From Eastern Europe to New York to the West Coast
Ildiko Erdesz, 70, is all too familiar with today’s America, of growing wealth disparity, jobs which pay too little, not being able to pay skyrocketing rent on time, and health costs which can derail an entire family. Her long and varied life story all point to these unfortunate all too common realities.
She grew up in Hungary studying music and art. She initially made a living as a singer alongside her sister. She met her husband while on tour in Finland, and the two of them married and moved to New York City in 1971. In the Big Apple, Erdesz worked in textile design while her husband made his career as a freelance artist; designing catalogs and book covers. They had a daughter, Julianna, in 1984, and moved upstate.
The family stayed on the east coast until the early 90s, when relatives in Quincy, California, asked if they were willing to help run the hotel that they owned.
Unfortunately, after moving to California, Erdesz’ husband fell seriously ill. As his sickness worsened, the family was forced to move once again.
Turning to Cleaning to Pay Medical Bills and Her Daughter’s College
Ildiko then started working for a cleaning company, but she saw little money herself. Unable to pay the growing number of medical bills, she decided to start working independently. Throughout all of these challenges, she still had her family, and had hope.
“My daughter was amazing, and always helped take care of [her dad]. It was a hard time, and we didn’t qualify for any state help because I was working and able to continue working. It was a difficult time, but we managed it and we were okay.”
The Erdesz family loved visiting the Reno area, and eventually moved for more work opportunities. Juliana graduated from a performing arts high school in Reno in 2003, but her father, Ildiko’s husband, ended up passing away at the end of that same year. After his passing, Ildiko continued cleaning to help support her daughter through college and pay off remaining medical bills.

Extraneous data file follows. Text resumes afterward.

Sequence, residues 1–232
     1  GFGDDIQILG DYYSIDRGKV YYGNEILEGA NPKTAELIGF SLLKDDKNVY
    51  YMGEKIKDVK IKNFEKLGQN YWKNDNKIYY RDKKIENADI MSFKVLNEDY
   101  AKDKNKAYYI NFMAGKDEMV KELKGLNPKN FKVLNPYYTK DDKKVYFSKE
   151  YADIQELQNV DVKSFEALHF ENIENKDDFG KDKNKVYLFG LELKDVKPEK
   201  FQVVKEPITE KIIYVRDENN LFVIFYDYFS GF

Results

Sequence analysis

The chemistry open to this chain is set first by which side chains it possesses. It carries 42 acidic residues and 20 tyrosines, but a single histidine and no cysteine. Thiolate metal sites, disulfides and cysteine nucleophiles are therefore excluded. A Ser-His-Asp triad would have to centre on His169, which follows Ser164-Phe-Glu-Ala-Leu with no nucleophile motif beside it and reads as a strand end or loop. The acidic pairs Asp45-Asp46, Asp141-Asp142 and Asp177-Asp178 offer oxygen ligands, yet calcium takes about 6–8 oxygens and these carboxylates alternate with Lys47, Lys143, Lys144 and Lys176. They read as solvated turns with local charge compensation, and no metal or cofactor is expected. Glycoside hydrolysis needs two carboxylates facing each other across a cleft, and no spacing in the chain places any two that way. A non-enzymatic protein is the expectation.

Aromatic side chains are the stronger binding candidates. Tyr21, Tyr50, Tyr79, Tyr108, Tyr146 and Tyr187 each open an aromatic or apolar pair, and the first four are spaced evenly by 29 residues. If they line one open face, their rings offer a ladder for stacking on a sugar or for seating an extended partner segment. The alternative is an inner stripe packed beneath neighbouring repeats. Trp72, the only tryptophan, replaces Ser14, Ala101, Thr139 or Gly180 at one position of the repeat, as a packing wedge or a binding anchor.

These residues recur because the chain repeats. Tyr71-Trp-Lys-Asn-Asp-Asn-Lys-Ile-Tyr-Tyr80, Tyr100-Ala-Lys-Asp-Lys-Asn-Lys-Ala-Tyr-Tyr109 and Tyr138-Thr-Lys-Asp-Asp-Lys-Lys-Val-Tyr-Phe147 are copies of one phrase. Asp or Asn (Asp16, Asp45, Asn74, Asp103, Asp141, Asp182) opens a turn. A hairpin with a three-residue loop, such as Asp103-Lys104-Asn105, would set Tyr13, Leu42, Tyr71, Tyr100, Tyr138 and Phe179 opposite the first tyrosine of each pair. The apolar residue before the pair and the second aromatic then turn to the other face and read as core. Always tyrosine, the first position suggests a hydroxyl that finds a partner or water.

“I had so many doctor bills and everything, so I had to clear those out, and try to clear the credit cards out. It was a very very hard time. And I couldn’t pay my rent, it was very stressful. I was not the type of person to ask for help, but I did ask my very best friend to help me with rent one time. And I of course paid them back later, but that was a savior at that time.”
Erdesz had some life insurance money from her husband, but it was nowhere near enough to pay all of the existing and upcoming expenses.
“I had $25,000 in life insurance on him that we got when my daughter was born. So I tried not to touch that money because it was emergency money. We got the life insurance around 1985, which was enough money back then, but not anymore,” she said.
Working Seven Days a Week and Facing Her Own Health Battles
These days, Ildiko cleans seven days a week, for four regular clients. She often also works odd jobs such as house sitting, nannying, or dog walking to supplement her income.
“I could take a day off myself, but if something comes up I always take it because I never know. This job is not very secure… In 2008 and 2014-15 the first thing that people cut back was housekeeping. The recession hurt me, I wasn’t working too much,” she said when asked why she works so often, and regularly late into the night.
Three years ago, she slipped on ice and broke her leg, and was out of work for five weeks before she was back vacuuming with a cast. She was also diagnosed with cancer, which she says was cured by living in an intensive all-natural rehabilitation facility in Florida for several weeks. Since then she has been eating healthier.
“I need to do this as long as I can, and as long as my health will let me because I’m not ready to live on my Social Security yet. I plan on working until at least 77 or 78. At least… But of course maybe later on I can just cut back and only clean a couple offices a week. It’s hard to cut back now because I don’t really have a lot of luxury in my life. My most enjoyable (time) is taking a walk or going to the gym.”
Throughout it all, Ildiko maintains an incredibly positive attitude. She cleans for hours on end, and does it again the next day. Her artistic talent and attention to detail show through in her work.
“It’s a rewarding job. Every time when I finish cleaning a house, and walk through and make sure I didn’t miss anything, I stand back and enjoy what I did,” she said.